THERE was plenty of disgruntlement on New Year’s Eve when we announced that Jack Catterall was our choice for Male British Fighter of the Year. ‘This has to be a joke,’ was a common reply.
Our reasoning, which was not designed to make anyone laugh, is fairly simple: We felt he comfortably defeated Josh Taylor over 12 rounds and should have been named as the world super-lightweight champion; if the beyond controversial verdict had gone his way, I doubt so many would have found our choice so bothersome. It was not, as some have suggested, a sympathy vote. We made our decision purely on his performance inside the ring.
For further context on Catterall’s effort, he was ranked number 10 in the world when he challenged Taylor, a big favourite and widely regarded as one of the best pound-for-pound fighters on the planet. It should have been a monumental, life-changing victory.
‘This is an insult to more deserving fighters’ was another response to our choice. Those deemed to have been slighted by our decision were, in no particular order, Tyson Fury, Sunny Edwards, Joe Joyce, Leigh Wood and John Ryder (that plenty also mentioned Natasha Jonas clearly hadn’t seen that we named her as our Female British Fighter of the Year). So if we leave Jonas out of it, for what we hope are obvious reasons, let’s examine each of those commonly mentioned in an effort to further explain Catterall as our winner.
Fury knocked out Dillian Whyte in six rounds in April and then stopped old rival Derek Chisora in December. When defeating Whyte, Fury was the world heavyweight champion taking on his No.3 contender (and WBC mandatory). That he won in one-sided fashion was very impressive but he was widely expected to win – which is in sharp contrast to Catterall’s perceived chances before he challenged Taylor (Catterall was a bigger underdog than Whyte, in fact). Fury-Chisora III was a grotesque mismatch and does not strengthen his case.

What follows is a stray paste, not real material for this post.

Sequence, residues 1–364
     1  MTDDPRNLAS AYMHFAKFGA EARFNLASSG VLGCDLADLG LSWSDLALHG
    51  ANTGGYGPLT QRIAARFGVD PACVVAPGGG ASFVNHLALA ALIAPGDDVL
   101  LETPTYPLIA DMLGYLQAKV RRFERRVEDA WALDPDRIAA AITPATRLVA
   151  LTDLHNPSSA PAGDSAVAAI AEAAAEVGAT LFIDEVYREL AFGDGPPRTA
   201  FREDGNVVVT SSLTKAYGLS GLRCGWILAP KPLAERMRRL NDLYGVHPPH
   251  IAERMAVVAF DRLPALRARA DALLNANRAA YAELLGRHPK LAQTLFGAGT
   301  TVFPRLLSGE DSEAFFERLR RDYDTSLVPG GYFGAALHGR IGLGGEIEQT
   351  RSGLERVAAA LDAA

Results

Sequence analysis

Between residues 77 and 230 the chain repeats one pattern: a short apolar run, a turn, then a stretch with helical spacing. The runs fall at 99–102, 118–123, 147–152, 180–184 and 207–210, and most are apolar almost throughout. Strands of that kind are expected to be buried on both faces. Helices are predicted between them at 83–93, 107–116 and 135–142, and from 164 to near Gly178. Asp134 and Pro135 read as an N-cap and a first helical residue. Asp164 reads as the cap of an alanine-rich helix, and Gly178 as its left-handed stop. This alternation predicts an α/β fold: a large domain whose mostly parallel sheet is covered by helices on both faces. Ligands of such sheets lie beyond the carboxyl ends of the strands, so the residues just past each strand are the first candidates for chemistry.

Sunny Edwards scored two typically majestic points wins over Muhammed Waseem and Felix Alvarado. Edwards was ranked two at flyweight when he beat Waseem (seventh) and Alvarado (10th), so therefore did exactly as expected when he won his two outings in 2022. Neither performance, in our opinion, surpassed the efforts of Catterall, who exceeded all expectations against Taylor.
Leigh Wood’s come-from-behind win over Michael Conlan was frankly awe-inspiring. But in Conlan, he was fighting someone not ranked in the world top 10 (Wood was 10th himself heading in). Though more dramatic and thrilling than Catterall’s showing against Taylor, Wood won a bout many were declaring a 50/50 encounter at the opening bell.
Joe Joyce had a stellar year, trouncing Christian Hammer and thumping Joseph Parker. The win over Hammer was wholly predictable so shouldn’t, we believe, play a huge role in the reckoning. It was the knockout of Parker that really caught the eye. Ranked sixth to Parker’s fifth heading in, Joyce won a stirring bout that was the product of top quality matchmaking. Like Wood against Conlan, Joyce won a ‘pick-em’ bout in exciting fashion.
The case for Ryder is another compelling one. His close points win over Danny Jacobs in February can be compared to Catterall’s mission against Taylor in that Jacobs was highly ranked (third) and Ryder was not in the Top 10. Yet as many felt the American was harshly judged as those who agreed with the verdict after 12 rounds (BN had Jacobs two points up, compared to the four-point advantage we tallied for Catterall over Taylor). It was also hard to split the two in the bookmakers’ odds beforehand – unlike Catterall, Ryder was only a narrow underdog. Ryder’s win over Zach Parker in November was somewhat anticlimactic, when his opponent retired with an injured hand ahead of round five.
Catterall, therefore, remains our British Fighter of the Year. He should have toppled one of the sport’s best (and genuine) world champions following a performance that we thought would live long in the memory. Ultimately, the selection of Catterall was not a joke nor a statement of fact, it was merely our opinion.
As always, we salute the efforts of all boxers in 2022 and wish each of them well as we head into the New Year. And we thank you, BN readers, for your continued support – that our opinions can still generate so much interest is appreciated.